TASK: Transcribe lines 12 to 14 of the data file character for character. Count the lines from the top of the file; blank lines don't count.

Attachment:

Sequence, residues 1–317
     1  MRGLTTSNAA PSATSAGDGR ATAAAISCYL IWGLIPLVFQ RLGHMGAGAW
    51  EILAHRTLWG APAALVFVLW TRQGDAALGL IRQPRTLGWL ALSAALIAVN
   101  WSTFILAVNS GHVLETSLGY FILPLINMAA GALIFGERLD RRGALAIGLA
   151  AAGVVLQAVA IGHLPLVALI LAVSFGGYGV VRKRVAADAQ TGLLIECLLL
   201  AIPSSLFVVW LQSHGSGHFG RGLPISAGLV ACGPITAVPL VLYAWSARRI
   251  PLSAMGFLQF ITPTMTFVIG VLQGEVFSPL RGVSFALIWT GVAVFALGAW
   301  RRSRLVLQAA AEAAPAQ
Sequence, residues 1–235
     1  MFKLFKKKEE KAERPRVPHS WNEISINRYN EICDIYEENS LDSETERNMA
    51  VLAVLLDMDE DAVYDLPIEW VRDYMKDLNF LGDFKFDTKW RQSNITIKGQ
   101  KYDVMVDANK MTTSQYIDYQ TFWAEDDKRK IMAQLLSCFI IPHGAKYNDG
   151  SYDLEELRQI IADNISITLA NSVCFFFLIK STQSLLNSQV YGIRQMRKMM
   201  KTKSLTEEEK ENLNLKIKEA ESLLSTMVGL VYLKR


   101  KYDVMVDANK MTTSQYIDYQ TFWAEDDKRK IMAQLLSCFI IPHGAKYNDG
   151  SYDLEELRQI IADNISITLA NSVCFFFLIK STQSLLNSQV YGIRQMRKMM
   201  KTKSLTEEEK ENLNLKIKEA ESLLSTMVGL VYLKR